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DHA director discusses healthcare transformation at town hall

Navy Vice Adm. Raquel Bono, Defense Health Agency director, discusses the DHA transition during a town hall meeting at Brooke Army Medical Center. On Oct. 1, 2019 BAMC will transition under DHA command and authority. (U.S. Army photo by Jason W. Edwards) Navy Vice Adm. Raquel Bono, Defense Health Agency director, discusses the DHA transition during a town hall meeting at Brooke Army Medical Center. On Oct. 1, 2019 BAMC will transition under DHA command and authority. (U.S. Army photo by Jason W. Edwards)

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JOINT BASE SAN ANTONIO-FORT SAM HOUSTON, Texas — Navy Vice Adm. Raquel Bono, Defense Health Agency director, held a town hall meeting at Brooke Army Medical Center recently to answer questions about the military health system transformation and how it will further improve healthcare delivery for warfighters, family members and military retirees.

“We have the potential to create the very best healthcare system ever,” Bono said, “not just for our military, but for the United States, our nation, and across the world.”

As part of the National Defense Authorization Act, Congress called for changes in the Military Health System. These changes redefine the roles of DHA and the military departments, specifically addressing the administration and management of military hospitals and clinics.

On Oct. 1, BAMC will transition under DHA command and authority. Following the transition, DHA is responsible for healthcare delivery and business operations across the MHS, and will provide guidance in all matters related to budget, information technology, health care administration and management; administrative policies and procedures; and military medical construction.

For patients, this transition should be transparent. Their physicians and coverage will remain the same, but it will standardize how patients access care and make appointments no matter their location or service.

The intent is to drive better integration and standardization of care by creating an enterprise-wide medical delivery system that integrates readiness and health.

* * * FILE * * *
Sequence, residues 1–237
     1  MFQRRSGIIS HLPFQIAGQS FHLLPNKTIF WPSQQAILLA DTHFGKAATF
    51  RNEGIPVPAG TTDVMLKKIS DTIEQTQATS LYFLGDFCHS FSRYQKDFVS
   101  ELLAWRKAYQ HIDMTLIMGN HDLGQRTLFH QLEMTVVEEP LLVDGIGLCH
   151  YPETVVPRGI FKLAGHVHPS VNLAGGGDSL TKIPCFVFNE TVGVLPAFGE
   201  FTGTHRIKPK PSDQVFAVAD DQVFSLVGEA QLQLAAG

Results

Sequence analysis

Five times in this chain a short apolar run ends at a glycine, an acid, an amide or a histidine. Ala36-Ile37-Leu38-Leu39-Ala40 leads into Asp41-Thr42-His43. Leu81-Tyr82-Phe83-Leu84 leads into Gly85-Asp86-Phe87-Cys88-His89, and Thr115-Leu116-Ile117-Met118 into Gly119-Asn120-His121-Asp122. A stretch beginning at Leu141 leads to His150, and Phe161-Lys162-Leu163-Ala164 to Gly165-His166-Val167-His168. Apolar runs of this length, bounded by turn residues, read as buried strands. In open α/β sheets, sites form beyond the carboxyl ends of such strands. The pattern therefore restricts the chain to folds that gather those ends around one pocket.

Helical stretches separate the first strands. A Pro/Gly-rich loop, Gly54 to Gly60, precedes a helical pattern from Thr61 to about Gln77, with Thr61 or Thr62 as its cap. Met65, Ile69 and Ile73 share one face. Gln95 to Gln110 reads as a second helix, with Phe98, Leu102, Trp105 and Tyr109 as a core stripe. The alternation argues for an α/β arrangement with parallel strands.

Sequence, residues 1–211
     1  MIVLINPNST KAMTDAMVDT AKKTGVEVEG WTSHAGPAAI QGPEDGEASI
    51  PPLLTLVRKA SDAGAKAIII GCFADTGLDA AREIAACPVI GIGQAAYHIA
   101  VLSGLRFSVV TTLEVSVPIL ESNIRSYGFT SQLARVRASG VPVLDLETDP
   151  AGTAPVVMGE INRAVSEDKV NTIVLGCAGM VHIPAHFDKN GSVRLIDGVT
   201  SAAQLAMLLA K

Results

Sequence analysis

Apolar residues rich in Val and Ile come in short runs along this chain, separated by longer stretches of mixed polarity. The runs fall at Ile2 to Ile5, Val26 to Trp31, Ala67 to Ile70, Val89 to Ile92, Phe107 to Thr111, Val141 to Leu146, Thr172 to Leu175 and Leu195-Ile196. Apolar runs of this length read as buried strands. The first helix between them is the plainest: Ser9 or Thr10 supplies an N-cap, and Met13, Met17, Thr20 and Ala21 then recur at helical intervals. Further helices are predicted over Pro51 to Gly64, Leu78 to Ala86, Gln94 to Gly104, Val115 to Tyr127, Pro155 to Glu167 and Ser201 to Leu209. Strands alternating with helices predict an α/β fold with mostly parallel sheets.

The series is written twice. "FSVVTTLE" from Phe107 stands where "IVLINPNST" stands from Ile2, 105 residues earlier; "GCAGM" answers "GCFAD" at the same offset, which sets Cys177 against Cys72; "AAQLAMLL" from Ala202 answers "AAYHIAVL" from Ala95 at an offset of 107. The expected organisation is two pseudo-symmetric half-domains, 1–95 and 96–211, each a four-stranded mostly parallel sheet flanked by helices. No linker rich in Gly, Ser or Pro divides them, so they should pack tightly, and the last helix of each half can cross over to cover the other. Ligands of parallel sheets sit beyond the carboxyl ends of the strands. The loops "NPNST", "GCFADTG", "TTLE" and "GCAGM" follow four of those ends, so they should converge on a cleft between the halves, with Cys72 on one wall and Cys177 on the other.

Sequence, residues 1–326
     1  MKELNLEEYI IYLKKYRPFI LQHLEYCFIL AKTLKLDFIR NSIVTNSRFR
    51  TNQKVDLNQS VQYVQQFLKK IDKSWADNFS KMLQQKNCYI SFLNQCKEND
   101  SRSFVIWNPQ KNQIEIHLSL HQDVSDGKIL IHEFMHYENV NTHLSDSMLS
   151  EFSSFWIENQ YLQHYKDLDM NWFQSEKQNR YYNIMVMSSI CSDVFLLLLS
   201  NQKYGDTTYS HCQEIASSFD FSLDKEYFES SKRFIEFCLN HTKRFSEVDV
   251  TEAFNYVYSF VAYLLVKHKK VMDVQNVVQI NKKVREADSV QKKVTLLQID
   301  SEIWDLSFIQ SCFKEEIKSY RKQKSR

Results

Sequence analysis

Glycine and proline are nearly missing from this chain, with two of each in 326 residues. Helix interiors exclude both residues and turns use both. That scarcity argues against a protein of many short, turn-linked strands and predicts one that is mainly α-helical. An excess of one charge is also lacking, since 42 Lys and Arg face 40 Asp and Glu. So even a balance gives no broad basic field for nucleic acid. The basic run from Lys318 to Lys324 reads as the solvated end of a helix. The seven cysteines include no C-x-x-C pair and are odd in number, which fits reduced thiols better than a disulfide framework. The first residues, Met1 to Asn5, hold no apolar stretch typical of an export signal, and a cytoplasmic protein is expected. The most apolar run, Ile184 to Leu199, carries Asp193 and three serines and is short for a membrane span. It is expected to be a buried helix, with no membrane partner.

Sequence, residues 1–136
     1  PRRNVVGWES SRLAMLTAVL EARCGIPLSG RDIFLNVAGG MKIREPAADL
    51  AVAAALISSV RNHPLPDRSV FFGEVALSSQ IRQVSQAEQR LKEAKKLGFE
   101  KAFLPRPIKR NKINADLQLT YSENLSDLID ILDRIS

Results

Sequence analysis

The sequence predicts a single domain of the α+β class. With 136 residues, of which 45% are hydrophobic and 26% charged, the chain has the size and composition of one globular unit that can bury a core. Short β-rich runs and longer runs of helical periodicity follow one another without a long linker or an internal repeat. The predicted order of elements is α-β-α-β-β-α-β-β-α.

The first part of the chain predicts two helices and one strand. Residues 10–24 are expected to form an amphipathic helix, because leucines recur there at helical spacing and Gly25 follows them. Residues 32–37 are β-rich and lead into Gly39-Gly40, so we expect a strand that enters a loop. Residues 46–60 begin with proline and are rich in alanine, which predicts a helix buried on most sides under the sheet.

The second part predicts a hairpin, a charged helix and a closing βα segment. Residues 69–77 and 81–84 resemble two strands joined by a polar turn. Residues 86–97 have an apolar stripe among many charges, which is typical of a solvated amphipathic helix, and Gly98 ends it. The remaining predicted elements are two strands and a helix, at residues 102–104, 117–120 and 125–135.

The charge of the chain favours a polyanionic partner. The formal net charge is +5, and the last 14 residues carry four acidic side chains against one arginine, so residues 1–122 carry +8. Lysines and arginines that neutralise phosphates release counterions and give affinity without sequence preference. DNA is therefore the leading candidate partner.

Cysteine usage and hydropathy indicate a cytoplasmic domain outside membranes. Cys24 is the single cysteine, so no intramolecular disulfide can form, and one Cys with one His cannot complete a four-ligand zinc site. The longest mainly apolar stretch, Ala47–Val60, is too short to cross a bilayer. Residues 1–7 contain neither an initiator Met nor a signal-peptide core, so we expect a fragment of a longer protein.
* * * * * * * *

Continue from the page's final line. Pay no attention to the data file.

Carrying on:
During the town hall, Bono discussed the importance of consistent care across the services. It doesn’t matter what uniform you wear as a provider or as a patient when it comes to patient care, she said. “We need to be a lot smarter about how we are using all of our resources” across our regions and military medicine.

Bono stressed the importance of feedback from across the services to help shape the future of military medicine.

“Take a moment to see how you can contribute,” Bono said. “You can help inform and design what our healthcare system needs to look like going forward. This is very doable, and it’s only doable if we all work collectively with each other to make this happen.”

Above all, Bono encouraged everyone to remain focused on patient care.

“Keep your eyes on the patients,” she said. “I need you to take care of our patients in the very best way. Let’s continue to lead and show others how healthcare should and can be designed to best meet the needs of our patients.”

BAMC remains committed to providing the same level of patient care as it has for the past 140 years, the BAMC commanding general said.

“Our commitment remains on providing the highest quality of care for our patients while ensuring the medical readiness of our warfighters,” said Army Brig. Gen. George Appenzeller.

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